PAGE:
Although it had embarked on the project and accepted the tender without the Department's approval, the Corporation formally requested a grant of £2.4m in December 1996. The Department had earlier contributed £450,000 in grants and £200,000 in loans towards site costs at Tara Street, but turned down the Corporation's grant application in January 1997 and again in April 1998, as the project had not been approved. The Department noted that despite its refusal of grant assistance, the contractor was on site in January 1997. However, in December 1998, £lm was paid to the Corporation as a once off contribution to the project. The Department advised the Corporation that no further contributions would be forthcoming. The current estimated net cost of the project is £4.37m as against the initial estimated net cost of £2.4m.

In response to my inquiries as to why the Department paid £lm when the contract had originally commenced without departmental approval the Accounting Officer informed me that:

*Dublin Corporation had for a number of years been seeking to redevelop the site at Tara Street. In seeking Exchequer assistance, Dublin Corporation pointed out that the Tara Street Station was the headquarters of the largest fire service in the State serving one million people, that it was a Victorian facility unsuitable for modern requirements and standards, and that staff and unions were threatening to withdraw from working in the station.

*It was not possible, however, to give Dublin Corporation a commitment that the normal 100% Exchequer grant assistance would be provided because of the scale and cost of the project, the limited funding available for the fire services capital programme and the competing demands throughout the country. Dublin Corporation, accordingly, decided to utilise the site's designated area status under the Urban Renewal Scheme to achieve the twinfold objective of having a new Fire Brigade Headquarters constructed while, at the same time, securing development on the surplus lands which had been derelict for many years.

*Against this background, Dublin Corporation decided to enter into a joint venture (Public Private Partnership) for redevelopment of the site to include the provision of a new fire brigade headquarters. The fire station was not a separate contract but part of an overall contract involving the development of the whole site, including an hotel and car park.

*The contract was advertised and awarded on a design and construct basis and the Department's procedures do not cater for this type of development. The Department was not included in the development of the fire station element of the project, as the project was not progressed in line with departmental financial and administrative procedures.

*In response to a request from Dublin Corporation in 1998, and as the original decision was considered to be somewhat harsh, the position was reviewed in the light of the different circumstances which then prevailed (the explicit support in Partnership 2000 for the concept of Public/Private Partnership) and a once off contribution of £1m was provided by way of Exchequer grant. As a high quality full-time headquarters fire station was being provided, this represented excellent value for money in so far as the Department was concerned.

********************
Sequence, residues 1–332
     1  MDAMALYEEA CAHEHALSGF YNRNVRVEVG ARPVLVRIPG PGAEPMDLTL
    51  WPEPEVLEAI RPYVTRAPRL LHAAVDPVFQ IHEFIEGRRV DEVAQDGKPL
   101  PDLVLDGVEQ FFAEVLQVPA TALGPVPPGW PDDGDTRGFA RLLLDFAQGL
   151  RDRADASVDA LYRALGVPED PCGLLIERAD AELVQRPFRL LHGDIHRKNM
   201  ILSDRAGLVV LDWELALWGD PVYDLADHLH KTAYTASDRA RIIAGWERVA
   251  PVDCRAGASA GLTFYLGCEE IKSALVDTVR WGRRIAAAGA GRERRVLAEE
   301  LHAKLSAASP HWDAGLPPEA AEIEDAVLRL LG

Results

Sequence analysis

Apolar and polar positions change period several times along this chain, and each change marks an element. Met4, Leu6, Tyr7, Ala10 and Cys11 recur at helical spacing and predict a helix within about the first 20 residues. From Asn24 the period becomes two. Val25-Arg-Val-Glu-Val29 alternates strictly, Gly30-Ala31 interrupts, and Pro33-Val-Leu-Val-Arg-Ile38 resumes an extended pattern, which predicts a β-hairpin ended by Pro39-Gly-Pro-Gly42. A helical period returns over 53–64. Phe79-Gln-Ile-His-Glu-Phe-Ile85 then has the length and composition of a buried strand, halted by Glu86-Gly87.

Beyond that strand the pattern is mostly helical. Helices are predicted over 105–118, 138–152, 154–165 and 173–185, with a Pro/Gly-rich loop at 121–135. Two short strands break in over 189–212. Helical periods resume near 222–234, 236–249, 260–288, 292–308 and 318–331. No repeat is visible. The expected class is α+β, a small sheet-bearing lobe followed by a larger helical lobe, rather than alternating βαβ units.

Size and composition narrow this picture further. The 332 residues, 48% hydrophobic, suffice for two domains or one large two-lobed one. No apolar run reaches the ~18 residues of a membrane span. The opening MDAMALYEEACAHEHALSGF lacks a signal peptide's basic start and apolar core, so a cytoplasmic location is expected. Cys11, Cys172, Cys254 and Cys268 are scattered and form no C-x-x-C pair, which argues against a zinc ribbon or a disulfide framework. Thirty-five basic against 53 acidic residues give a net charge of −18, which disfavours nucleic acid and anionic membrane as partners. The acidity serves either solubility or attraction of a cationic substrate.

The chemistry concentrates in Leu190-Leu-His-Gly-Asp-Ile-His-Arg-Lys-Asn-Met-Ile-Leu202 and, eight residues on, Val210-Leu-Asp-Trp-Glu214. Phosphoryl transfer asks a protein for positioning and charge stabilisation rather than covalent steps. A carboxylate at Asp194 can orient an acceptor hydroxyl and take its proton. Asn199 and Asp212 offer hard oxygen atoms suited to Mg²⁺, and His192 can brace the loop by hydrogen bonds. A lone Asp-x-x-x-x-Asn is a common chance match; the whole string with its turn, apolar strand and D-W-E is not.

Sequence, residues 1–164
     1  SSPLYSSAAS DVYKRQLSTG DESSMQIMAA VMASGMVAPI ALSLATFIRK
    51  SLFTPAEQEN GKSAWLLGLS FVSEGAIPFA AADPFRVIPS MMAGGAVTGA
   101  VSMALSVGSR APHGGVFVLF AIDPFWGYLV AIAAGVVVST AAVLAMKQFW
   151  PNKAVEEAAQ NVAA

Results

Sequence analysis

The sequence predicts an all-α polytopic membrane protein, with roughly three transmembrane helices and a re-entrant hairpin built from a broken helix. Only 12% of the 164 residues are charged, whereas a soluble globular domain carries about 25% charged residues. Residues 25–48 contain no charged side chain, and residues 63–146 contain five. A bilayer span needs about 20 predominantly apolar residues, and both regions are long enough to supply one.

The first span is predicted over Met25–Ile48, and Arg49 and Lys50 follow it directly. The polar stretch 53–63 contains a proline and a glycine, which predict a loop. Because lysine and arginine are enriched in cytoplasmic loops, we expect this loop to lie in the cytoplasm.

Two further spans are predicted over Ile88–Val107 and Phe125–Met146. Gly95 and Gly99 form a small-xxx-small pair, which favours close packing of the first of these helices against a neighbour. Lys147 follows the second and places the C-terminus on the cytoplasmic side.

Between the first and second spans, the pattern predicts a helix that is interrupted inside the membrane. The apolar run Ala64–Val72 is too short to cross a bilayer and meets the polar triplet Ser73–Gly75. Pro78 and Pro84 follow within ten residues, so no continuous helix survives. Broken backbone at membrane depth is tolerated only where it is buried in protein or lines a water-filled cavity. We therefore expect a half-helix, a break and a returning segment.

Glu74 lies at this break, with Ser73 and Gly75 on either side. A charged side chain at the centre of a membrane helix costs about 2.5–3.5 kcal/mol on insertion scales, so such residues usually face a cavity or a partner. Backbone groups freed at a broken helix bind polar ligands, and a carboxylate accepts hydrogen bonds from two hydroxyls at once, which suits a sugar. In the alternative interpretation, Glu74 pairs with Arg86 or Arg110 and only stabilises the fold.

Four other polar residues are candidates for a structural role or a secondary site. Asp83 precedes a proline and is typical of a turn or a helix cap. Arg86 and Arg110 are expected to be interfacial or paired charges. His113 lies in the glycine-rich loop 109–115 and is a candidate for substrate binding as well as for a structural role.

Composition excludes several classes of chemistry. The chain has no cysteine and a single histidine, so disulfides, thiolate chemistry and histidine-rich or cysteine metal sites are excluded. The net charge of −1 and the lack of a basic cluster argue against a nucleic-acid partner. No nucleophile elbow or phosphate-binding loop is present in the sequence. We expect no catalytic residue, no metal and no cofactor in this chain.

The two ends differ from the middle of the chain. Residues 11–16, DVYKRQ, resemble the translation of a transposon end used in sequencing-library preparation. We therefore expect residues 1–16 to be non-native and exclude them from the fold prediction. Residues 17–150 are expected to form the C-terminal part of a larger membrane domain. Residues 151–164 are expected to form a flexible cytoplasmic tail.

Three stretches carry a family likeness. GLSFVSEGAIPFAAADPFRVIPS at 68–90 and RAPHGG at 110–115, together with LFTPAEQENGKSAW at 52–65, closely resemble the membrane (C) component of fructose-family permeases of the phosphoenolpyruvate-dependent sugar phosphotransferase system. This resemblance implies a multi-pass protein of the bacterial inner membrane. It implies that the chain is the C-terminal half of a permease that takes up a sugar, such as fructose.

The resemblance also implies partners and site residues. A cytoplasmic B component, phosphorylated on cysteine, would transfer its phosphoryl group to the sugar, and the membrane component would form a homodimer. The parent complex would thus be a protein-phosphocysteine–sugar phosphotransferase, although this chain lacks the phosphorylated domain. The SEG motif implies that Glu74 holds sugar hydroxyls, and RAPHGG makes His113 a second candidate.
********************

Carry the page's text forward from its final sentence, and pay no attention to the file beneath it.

Paragraph 24 of the report of the Comptroller and Auditor General reads:

24 Cost Overruns on Water Supply and Sewerage Schemes

Capital expenditure on water supply and sanitation schemes by the Department of Environment and Local Government amounted to £185m in 1998. Estimated expenditure on such schemes in 1999 is projected to increase by 50% to £275m. Projects approved by the Department to commence construction in 1998 range in value from £20,000 for the Athlone Water Conservation scheme to £200m for the Dublin Bay (Ringsend) Sewerage scheme, which will be financed over a number of years to completion.

The guidelines on awarding contracts for public sector construction projects stipulate that, in order to avoid increased costs later, every effort should be made to ensure that all aspects of the design are finalised before a project goes to tender. Upper cost and work limits should be established at the outset and a detailed design brief should be prepared. The design brief should be sufficiently comprehensive to establish clearly the services required and the relevant standards and constraints to be followed. Proper supervision is essential at construction stage to ensure that the works are being carried out according to the specifications and within the time and cost limits for the contracts and the project should be subject to a detailed cost review at completion.

A final account is transmitted by the Local Authority to the Department, which retains 5% of the scheme grant pending its submission.